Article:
Online banking most important to consumers when choosing a new bank

According to new research from TSB, quick and easy online and internet banking is the most important factor for a customer when choosing a new bank.

The majority of people (68 per cent) have said that quick, simple and easy online and internet banking is most important when they choose a new financial institution.

However, there is still a strong call for face-to-face interaction with 64 per cent of the 2000 respondents saying being able to speak to someone in a branch is the second most important factor taken into account.

These findings seem to vindicate TSB’s ‘Bricks and Clicks’ strategy it implemented back in May. The strategy was designed to provide the bank’s customers with the best of both the digital and the physical services and the bank apportioned £250m for it.

We’re not in the camp that wants to push people from one channel to another; it’s our customers’ choice as to how, when and where they bank with us,’’ said Ashley Machin, TSB’s chief digital officer back in May.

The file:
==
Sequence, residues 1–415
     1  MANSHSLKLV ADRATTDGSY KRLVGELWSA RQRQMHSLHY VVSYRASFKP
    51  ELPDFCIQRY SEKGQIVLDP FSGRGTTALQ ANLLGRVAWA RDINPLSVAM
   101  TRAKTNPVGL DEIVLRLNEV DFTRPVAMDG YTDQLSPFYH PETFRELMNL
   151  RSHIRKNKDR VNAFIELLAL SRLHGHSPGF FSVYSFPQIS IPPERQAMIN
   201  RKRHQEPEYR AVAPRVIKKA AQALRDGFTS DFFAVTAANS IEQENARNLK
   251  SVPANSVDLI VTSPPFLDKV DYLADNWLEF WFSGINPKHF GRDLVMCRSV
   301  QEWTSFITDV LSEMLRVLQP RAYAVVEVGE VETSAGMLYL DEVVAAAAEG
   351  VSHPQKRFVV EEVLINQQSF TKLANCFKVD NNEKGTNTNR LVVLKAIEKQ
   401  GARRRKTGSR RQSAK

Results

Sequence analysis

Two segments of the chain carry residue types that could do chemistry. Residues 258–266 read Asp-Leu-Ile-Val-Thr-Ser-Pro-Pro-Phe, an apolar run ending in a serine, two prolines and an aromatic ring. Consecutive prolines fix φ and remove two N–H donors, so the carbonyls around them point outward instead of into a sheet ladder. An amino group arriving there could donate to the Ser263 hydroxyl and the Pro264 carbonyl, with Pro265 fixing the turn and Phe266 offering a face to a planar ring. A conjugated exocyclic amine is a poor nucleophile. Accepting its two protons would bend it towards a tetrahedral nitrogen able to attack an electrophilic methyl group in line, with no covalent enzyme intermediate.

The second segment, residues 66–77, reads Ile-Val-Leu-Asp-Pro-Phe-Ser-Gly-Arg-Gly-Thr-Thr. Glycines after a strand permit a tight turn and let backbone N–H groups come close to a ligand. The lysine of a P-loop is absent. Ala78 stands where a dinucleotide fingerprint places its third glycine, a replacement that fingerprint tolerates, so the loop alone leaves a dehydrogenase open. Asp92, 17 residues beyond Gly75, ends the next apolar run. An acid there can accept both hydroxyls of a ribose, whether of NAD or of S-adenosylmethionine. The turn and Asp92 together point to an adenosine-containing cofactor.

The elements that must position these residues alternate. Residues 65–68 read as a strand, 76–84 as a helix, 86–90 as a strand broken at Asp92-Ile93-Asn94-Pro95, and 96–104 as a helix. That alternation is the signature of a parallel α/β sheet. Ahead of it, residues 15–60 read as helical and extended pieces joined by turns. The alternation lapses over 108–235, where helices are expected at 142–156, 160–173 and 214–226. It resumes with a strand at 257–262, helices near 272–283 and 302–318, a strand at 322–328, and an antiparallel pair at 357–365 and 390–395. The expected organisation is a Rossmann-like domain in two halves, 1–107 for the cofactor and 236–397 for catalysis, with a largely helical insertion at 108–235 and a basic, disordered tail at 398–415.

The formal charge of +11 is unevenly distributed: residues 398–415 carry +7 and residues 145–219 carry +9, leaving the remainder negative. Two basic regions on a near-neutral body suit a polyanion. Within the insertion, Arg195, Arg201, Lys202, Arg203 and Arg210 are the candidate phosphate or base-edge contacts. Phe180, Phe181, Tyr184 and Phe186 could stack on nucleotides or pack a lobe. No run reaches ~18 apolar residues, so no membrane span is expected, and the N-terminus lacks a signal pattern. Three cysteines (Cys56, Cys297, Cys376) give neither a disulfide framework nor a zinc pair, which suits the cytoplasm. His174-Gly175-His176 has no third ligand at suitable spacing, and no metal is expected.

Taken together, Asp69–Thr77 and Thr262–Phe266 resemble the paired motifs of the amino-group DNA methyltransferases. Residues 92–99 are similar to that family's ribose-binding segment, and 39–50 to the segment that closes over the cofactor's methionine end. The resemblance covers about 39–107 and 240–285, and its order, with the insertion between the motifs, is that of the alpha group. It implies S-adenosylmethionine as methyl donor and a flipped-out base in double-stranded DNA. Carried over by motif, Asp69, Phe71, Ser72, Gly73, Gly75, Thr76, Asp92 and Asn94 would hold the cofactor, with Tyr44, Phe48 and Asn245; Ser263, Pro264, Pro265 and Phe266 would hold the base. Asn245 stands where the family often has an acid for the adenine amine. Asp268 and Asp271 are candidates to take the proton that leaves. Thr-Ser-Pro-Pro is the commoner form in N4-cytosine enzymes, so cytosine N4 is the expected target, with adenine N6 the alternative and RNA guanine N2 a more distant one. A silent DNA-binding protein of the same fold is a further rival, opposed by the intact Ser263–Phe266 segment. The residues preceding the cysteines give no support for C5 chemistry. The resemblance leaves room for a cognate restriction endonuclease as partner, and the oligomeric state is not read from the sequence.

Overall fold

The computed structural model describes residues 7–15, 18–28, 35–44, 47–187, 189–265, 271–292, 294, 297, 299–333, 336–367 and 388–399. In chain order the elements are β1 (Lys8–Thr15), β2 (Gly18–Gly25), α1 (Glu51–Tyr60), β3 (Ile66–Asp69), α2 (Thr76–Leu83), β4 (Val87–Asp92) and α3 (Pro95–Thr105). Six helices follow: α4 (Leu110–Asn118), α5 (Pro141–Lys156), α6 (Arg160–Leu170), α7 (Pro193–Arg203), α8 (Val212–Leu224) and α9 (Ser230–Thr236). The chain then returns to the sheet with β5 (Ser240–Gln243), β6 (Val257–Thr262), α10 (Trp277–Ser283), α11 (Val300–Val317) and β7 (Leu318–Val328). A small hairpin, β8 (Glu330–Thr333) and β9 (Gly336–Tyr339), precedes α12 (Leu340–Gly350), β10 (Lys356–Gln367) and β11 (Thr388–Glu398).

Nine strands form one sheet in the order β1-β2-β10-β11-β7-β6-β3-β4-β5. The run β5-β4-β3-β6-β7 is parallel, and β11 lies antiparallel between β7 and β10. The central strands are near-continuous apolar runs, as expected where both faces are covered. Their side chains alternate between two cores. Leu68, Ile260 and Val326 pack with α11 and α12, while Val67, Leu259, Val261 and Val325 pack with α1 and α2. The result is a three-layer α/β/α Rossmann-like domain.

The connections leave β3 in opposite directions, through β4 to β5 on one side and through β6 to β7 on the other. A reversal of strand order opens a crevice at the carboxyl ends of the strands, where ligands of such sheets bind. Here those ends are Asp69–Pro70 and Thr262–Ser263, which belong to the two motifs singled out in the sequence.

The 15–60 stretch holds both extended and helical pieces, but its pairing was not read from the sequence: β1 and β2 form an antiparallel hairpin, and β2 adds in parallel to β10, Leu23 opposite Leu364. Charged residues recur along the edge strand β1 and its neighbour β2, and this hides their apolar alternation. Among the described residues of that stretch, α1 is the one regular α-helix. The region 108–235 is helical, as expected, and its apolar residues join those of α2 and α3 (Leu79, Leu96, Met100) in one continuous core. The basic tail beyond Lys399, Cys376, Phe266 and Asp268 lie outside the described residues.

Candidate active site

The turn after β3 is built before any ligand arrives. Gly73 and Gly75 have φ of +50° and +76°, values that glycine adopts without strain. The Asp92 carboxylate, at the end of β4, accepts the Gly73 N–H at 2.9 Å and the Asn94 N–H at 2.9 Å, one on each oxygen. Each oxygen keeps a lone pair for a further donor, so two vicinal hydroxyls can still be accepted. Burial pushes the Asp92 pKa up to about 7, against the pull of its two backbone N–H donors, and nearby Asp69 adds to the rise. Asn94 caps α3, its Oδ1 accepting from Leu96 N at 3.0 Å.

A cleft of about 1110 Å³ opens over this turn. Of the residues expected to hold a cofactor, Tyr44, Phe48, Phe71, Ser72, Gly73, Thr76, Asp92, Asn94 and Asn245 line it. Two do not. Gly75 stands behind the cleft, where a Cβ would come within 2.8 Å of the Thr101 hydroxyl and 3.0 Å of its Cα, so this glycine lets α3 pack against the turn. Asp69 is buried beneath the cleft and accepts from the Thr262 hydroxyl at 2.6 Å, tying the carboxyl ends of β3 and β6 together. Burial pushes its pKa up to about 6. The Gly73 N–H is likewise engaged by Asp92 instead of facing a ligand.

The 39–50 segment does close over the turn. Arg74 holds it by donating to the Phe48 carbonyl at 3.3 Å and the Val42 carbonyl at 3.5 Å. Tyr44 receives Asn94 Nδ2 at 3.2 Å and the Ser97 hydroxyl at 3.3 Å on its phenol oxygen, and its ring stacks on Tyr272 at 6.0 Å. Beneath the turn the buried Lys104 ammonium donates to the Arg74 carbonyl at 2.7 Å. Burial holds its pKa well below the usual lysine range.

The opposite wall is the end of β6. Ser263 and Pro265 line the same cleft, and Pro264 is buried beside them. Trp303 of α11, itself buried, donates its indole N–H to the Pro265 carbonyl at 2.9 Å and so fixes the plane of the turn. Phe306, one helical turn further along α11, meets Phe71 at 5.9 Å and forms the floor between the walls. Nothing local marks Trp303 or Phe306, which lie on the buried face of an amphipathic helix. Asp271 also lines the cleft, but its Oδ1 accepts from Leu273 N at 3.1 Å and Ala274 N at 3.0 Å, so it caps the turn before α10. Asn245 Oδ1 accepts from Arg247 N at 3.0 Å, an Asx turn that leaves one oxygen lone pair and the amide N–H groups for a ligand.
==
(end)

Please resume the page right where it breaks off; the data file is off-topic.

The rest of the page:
Whilst digital and physical interactions remain the preferred choices of the majority, the median option of banking by telephone is lagging behind with only four out of ten (41 per cent) people considering it to be an important factor to take into account.

In terms of online banking, the desktop is still king with 59 per cent of 1.2m customers choosing to bank using a desktop.

Unlike in the US, where 54 per cent of people use mobile banking at work alone, people in the UK appear to be more circumspect about using it with only 31 per cent using TSB’s banking app. Furthermore, only one out of ten people banks on a mobile browser.

On average people will log in to online banking five times per week. There is also indication that it’s fast becoming something that is done during relaxation with nearly half of people (45 per cent) logging in when sitting in front of the TV.

Two out of ten (18 per cent) people log in at work, 17 per cent in bed and 11 per cent when commuting.

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